Introducing Labrador

It's called the Big Land, and with 293,000 sq km sprawling north toward the Arctic Circle, it's easy to see why. Undulating, rocky, puddled expanses form the sparse, primeval landscape. If you ever wanted to see what the world looked like before humans stepped on it, this is the place to head. Adding to the Great Northern effect, four huge caribou herds, including the world's largest (some 750,000 head), migrate across Labrador to their calving grounds each year.

Inuit and Innu have occupied Labrador for thousands of years, and until the 1960s the population was still limited to them and a few longtime European descendants known as 'liveyers.' They eked out an existence by fishing and hunting from their tiny villages that freckled the coast. The interior was virgin wilderness.

Over the past few decades, the economic potential of Labrador's vast natural resources has earned it a new degree of attention. Companies have tapped into the massive iron-ore mines in Wabush and Labrador City and the hydroelectric dam at Churchill Falls.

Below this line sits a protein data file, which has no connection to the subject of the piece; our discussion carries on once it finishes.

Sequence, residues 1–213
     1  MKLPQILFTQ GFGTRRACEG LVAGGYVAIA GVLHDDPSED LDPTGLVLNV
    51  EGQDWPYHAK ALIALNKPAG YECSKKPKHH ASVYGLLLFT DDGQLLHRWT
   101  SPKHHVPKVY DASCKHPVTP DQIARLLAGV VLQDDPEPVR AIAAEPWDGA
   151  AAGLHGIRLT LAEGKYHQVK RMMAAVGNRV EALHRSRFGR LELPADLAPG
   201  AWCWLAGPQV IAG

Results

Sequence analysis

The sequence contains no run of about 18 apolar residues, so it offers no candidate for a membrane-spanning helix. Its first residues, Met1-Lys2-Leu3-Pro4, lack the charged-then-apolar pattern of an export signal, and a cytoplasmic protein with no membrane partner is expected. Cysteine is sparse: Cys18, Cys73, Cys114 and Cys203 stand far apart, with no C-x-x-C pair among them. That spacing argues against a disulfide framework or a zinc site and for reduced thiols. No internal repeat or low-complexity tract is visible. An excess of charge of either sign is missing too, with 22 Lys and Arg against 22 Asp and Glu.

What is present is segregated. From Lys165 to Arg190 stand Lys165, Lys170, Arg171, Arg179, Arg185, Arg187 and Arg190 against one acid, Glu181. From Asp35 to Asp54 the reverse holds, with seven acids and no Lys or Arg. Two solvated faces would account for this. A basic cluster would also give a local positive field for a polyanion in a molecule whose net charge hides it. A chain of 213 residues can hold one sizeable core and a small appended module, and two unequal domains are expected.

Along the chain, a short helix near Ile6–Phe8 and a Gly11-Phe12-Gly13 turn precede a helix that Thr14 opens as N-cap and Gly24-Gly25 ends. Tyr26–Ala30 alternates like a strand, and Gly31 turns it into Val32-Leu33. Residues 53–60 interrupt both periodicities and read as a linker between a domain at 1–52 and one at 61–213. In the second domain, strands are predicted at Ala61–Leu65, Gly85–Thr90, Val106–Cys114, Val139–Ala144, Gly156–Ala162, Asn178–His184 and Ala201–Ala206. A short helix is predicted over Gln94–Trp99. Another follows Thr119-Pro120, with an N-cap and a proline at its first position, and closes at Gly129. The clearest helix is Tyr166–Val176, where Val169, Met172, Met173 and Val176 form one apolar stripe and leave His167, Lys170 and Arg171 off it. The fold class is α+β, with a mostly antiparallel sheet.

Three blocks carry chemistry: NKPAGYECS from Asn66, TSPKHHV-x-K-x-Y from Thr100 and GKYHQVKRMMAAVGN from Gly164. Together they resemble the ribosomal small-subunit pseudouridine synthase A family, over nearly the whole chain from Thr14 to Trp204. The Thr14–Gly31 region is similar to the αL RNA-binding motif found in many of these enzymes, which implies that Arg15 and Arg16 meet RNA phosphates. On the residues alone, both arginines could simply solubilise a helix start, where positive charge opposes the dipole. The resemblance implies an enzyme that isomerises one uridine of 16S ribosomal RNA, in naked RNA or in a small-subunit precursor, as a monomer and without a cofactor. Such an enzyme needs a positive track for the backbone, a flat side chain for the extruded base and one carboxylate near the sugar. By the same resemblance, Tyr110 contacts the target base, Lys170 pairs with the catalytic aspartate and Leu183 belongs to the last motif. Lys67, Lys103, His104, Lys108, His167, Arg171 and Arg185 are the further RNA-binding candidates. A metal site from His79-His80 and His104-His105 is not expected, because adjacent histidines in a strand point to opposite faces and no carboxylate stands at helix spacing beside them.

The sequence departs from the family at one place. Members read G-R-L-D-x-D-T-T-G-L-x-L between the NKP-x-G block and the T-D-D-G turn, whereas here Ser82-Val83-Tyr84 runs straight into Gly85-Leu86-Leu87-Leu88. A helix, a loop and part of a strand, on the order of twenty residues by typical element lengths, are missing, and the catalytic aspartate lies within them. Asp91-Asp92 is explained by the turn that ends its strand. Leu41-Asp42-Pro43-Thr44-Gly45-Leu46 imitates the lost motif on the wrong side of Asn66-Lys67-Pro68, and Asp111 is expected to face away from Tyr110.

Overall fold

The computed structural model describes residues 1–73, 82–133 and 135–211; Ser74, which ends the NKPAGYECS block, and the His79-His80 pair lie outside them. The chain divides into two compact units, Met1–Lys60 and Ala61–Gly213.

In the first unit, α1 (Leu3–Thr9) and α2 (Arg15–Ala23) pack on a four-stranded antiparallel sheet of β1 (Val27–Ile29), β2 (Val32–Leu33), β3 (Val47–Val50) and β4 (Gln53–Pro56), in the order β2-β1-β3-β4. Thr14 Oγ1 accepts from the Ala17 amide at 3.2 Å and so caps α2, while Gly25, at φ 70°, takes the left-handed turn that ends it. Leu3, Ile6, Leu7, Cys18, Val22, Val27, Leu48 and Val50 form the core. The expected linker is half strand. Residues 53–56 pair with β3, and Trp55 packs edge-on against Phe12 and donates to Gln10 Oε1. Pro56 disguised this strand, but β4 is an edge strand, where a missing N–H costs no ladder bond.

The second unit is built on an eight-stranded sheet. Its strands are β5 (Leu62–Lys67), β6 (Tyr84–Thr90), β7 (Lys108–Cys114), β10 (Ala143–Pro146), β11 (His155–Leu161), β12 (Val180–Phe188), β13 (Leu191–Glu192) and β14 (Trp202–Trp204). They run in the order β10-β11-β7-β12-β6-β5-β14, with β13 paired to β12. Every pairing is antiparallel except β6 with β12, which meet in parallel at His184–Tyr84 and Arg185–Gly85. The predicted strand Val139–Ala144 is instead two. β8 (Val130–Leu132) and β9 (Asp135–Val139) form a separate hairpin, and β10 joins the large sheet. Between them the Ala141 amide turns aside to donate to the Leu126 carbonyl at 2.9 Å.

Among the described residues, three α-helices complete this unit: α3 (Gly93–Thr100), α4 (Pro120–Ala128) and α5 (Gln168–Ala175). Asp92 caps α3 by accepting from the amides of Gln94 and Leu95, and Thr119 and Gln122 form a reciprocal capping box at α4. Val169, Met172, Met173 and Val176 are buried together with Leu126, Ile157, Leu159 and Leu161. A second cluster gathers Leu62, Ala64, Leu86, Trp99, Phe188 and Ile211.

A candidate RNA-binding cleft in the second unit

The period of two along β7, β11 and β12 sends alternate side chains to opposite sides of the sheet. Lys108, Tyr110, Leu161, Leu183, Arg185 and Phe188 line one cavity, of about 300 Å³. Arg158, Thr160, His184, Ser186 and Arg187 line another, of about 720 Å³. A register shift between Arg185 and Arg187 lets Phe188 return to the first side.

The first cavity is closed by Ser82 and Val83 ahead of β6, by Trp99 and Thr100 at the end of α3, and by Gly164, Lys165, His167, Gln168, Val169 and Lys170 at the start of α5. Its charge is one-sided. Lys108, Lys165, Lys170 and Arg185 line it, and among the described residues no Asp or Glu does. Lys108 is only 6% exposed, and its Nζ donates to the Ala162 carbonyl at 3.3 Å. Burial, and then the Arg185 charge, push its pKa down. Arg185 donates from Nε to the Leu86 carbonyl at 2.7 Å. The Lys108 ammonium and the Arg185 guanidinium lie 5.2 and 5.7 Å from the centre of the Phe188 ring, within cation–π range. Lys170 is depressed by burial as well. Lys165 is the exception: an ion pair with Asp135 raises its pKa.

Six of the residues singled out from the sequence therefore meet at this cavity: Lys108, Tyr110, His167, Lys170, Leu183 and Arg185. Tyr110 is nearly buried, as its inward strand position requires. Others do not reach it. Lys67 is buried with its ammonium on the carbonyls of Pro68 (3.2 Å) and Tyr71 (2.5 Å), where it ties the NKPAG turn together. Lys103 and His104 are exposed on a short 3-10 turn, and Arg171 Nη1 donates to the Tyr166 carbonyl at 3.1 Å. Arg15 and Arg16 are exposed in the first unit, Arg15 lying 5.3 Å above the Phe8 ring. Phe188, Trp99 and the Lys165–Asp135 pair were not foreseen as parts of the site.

The simplest way to take a bite of the Big Land is via the Labrador Straits region, which connects to Newfoundland via a daily ferry. From there, a solitary road – the stark, rough Trans-Labrador Hwy – connects the interior's main towns. The aboriginal-influenced northern coast is accessible only by plane or supply ferry.

Labrador is cold, wet and windy, and its bugs are murderous. Facilities are few and far between throughout the behemoth region, so planning ahead is essential. Note that the Labrador Straits (not including the Québec portion) are on Newfoundland Time, while the rest of Labrador (starting at Cartwright) is on Atlantic Time, ie 30 minutes behind Newfoundland. Québec is on Eastern Time, which is an hour behind Atlantic Time. These variations can make ferry and airplane schedules a headache.

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